Despite district elections, the Golden Triangle still rules Santa Barbara elections.
The Riviera/San Roque, the Mesa and the Outer State Street/Samarkand neighborhoods have traditionally turned out to vote in the highest numbers, and the 2021 election was no exception.
The turnout is so significant that it cost Mayor Cathy Murillo the election.
The ousted Murillo lost in all three areas. Murillo finished third in District 2, the Mesa, behind James Joyce III and Mayor-elect Randy Rowse. And she finished third in District 4, the Riviera/San Roque area, and in District 5, which includes outer State Street and the Samarkand area.
Murillo’s two strongest districts were Districts 1 and 3, the Eastside and Westside, respectively. Those two districts have the largest Latino populations in the city; they also had the lowest voter turnout in the Nov. 2 election.
Four years ago, Murillo won the Mesa and placed second in Districts 4 and 5 to Frank Hotchkiss.
Overall turnout was 51% four years ago but fell back to 47.1% this time.
Murillo’s vote total also dropped from 2017, when she was elected to succeed her term-limited predecessor, Helene Schneider. Four years ago, Murillo received 6,977 votes but just 6,551 this year.
Two major factors in Murillo’s loss were the strong showing by Joyce, who likely pulled Democratic votes from her in the officially nonpartisan race, and the incredible performance of Rowse, who piled up 10,037 votes to become Santa Barbara’s 51st mayor.
Rowse was the only non-Democrat among the top contenders on the ballot so, for voters who wanted a break from the all-Democrat City Council, he was the only choice.
“The presence of two other Democrats on the ballot, (Deborah) Schwartz and Joyce, split the vote and, in the more conservative parts of the city, that dynamic was more pronounced,” Pat Dennis, Murillo’s political consultant, told Noozhawk.
Joyce was perhaps the biggest surprise of the election. The political newcomer won District 6, City Councilwoman Meagan Harmon’s downtown district, with 1,208 votes, edging Murillo, who collected 1,149.
In all the other districts, Joyce finished second, suggesting that he had steady, even support throughout the city of 92,000 residents.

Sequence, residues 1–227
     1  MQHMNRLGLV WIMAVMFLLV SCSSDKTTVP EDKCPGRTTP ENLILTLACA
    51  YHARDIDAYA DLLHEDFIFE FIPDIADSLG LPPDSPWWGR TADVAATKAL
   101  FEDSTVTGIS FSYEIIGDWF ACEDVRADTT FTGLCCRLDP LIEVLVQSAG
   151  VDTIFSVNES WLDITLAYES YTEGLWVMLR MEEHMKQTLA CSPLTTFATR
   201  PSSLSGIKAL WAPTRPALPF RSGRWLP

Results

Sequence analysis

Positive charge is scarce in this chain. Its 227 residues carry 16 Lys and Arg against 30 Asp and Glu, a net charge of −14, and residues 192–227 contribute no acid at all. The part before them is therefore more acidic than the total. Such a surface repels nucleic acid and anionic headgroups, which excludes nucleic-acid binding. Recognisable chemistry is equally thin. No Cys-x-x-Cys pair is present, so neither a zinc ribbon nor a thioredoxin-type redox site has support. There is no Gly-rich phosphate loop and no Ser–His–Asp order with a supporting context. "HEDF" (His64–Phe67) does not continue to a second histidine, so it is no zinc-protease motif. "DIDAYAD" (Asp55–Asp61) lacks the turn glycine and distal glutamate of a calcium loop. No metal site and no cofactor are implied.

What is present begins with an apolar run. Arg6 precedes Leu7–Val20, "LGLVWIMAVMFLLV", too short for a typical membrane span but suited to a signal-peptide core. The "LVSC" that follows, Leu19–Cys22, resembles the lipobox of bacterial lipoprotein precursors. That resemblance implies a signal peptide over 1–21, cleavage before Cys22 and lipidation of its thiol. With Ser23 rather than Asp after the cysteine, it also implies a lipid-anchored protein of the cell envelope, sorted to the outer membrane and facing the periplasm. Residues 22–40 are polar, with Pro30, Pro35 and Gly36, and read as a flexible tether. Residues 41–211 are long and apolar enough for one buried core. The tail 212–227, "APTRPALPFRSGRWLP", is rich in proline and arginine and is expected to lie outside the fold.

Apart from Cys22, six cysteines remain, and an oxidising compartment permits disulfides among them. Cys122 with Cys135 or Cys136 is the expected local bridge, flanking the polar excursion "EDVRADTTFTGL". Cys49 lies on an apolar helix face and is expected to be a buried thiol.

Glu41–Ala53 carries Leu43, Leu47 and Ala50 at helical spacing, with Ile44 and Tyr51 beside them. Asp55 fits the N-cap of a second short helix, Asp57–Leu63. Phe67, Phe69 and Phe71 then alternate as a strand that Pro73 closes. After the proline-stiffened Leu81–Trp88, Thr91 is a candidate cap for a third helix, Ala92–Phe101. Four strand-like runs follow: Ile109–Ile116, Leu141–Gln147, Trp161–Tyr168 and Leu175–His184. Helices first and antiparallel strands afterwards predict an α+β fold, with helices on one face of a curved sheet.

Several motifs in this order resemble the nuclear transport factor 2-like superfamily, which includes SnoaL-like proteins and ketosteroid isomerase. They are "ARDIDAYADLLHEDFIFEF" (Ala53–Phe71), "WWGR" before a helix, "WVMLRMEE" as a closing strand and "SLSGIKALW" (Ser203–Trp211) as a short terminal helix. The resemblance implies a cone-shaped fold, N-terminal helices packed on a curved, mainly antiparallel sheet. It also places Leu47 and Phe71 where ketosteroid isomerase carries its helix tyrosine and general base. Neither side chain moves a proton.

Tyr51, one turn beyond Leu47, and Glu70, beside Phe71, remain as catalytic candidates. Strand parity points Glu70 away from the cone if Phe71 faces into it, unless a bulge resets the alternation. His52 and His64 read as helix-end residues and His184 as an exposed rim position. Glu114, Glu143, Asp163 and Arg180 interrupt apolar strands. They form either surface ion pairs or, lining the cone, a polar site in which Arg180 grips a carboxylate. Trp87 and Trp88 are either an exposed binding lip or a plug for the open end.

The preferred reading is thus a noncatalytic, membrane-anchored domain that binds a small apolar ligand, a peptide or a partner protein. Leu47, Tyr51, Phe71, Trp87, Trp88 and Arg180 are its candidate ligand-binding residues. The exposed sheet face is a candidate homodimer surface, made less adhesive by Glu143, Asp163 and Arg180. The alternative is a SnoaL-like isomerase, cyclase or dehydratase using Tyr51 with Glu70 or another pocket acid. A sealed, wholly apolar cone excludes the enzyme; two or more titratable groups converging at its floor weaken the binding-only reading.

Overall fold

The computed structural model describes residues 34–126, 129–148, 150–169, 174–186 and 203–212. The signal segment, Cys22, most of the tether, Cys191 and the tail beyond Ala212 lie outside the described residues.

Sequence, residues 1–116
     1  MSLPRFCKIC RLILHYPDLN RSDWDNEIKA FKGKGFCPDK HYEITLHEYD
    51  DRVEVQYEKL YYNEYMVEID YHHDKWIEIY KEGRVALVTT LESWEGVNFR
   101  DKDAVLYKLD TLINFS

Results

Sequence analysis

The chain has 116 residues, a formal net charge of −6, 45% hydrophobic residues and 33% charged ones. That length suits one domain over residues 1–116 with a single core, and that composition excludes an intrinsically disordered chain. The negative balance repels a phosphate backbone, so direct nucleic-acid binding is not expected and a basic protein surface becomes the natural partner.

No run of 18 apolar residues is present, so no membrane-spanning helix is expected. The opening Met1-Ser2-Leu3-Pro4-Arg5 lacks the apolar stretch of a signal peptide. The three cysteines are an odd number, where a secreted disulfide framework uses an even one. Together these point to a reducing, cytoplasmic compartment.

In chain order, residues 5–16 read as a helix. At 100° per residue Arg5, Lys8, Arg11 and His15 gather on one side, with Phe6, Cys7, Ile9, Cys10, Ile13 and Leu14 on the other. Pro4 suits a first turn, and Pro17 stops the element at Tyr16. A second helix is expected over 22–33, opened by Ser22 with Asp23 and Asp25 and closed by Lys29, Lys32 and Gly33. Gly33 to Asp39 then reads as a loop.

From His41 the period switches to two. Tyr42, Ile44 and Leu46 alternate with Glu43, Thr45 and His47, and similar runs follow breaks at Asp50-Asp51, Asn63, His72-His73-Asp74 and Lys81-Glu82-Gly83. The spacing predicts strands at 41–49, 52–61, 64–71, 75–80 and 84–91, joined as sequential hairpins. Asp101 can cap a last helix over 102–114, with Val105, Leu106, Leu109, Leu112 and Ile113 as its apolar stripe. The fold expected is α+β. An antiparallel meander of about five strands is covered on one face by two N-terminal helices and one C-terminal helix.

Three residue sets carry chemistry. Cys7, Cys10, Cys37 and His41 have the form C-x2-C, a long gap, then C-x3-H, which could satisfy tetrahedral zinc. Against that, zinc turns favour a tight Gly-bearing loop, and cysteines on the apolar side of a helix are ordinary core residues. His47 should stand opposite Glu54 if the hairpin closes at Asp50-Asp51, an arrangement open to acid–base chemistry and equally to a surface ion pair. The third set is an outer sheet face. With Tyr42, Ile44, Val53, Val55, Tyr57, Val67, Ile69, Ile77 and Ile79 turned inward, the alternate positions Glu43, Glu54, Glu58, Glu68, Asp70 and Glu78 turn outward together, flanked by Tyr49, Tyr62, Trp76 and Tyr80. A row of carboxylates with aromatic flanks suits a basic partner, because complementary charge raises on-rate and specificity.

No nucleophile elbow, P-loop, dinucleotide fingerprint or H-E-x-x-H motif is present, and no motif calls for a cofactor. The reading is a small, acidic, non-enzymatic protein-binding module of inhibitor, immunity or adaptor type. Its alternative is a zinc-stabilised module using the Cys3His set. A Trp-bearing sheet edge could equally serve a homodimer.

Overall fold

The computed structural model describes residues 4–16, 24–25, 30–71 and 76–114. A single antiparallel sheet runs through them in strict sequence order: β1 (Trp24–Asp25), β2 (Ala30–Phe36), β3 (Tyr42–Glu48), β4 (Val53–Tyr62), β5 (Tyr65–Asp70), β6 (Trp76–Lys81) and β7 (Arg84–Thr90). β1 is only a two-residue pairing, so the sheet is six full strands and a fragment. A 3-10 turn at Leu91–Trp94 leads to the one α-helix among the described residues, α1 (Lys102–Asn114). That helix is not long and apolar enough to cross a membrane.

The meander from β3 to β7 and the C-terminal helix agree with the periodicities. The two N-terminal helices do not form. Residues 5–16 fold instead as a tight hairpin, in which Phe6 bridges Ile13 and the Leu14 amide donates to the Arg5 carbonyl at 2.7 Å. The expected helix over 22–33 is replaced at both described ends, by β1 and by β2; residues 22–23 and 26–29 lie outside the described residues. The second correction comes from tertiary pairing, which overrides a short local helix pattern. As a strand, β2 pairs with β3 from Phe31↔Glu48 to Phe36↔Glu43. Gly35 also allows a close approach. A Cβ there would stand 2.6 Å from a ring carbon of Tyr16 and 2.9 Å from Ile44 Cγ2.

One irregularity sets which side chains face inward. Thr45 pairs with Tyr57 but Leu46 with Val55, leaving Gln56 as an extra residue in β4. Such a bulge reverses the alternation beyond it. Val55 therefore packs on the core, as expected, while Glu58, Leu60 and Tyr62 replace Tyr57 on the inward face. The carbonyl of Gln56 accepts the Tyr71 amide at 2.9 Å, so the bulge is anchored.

“I had great support, particularly on the Eastside,” Joyce said. “I love that you’re asking this question because the Eastside was a perfect example of what this campaign was all about: bringing people together.
“We had both Alejandra (Gutierrez) supporters and Jason (Dominguez) supporters with our signs in their yards,” he added, referring to the District 1 councilwoman and her predecessor, respectively. “I’m really proud of that.”
Joyce was proud of his showing throughout city, especially among Westside and Eastside voters. Joyce said the Eastside “is an old-school Santa Barbara neighborhood.”
“I feel like that’s a district where folks feel like they’ve been ignored for too long, and they have been,” he said. “They’re ready for something different and that showed throughout the campaign.”
Rowse, on the other hand, finished behind Murillo in the city’s largely Latino Districts 1 and 3. Murillo topped Rowse by more than 300 votes on the Westside, where she lives, and nearly 350 votes on the Eastside.
But it was Districts 2, 4 and 5 that won the election for Rowse. More than 80% of his votes came from the Mesa, Riviera/San Roque and the Outer State Street/Samarkand area.
While district elections have resulted in two Mexican-American council members getting elected in Districts 1 and 3, the numbers from the at-large mayoral race demonstrate that voting power for the mayor’s job still lives in higher turnout, whiter neighborhoods.
Darcél Elliott, chairwoman of the Santa Barbara County Democratic Party, which supported Murillo, said the outgoing mayor won the areas of the city with the highest proportion of registered Democrats, renters and Latinos.
“The party and Cathy’s campaign definitely canvassed the whole city for the whole campaign,” she said “The party shifted our attention to the Eastside, Westside and downtown districts for the last two weeks because they had lower turnout.”
Rowse, a popular longtime business owner and former member of the City Council, said he was not district-focused during the campaign.
“We used data that wasn’t related to districts,” he said. “Our focus was on houses where people had voted in previous elections — higher-propensity voters.
“Regardless of districts, all of us on council represent all of Santa Barbara when it comes to policy making. My thoughts on governance and equity are all-inclusive and all neighborhoods have my attention.”
Wade Cowper, managing partner of CCA Enterprise, a strategic consulting firm, said a turnout of less than 50% may have had something to do with the election results. Voter fatigue from the unsuccessful September recall election of Gov. Gavin Newsom may have played a factor.
“Lots of folks thought they had already voted,” he said.
It’s clear from the results — and Murillo’s third-place finish — that voters wanted to go in a new direction, said Cowper, who also worked as Joyce’s consultant during the campaign.
“It’s clear we needed a change, and voters knew that,” he said. “The current mayor was unpopular — that’s now a mathematical fact — and nothing was ever done to change course.
“That’s usually not a recipe for electoral success.”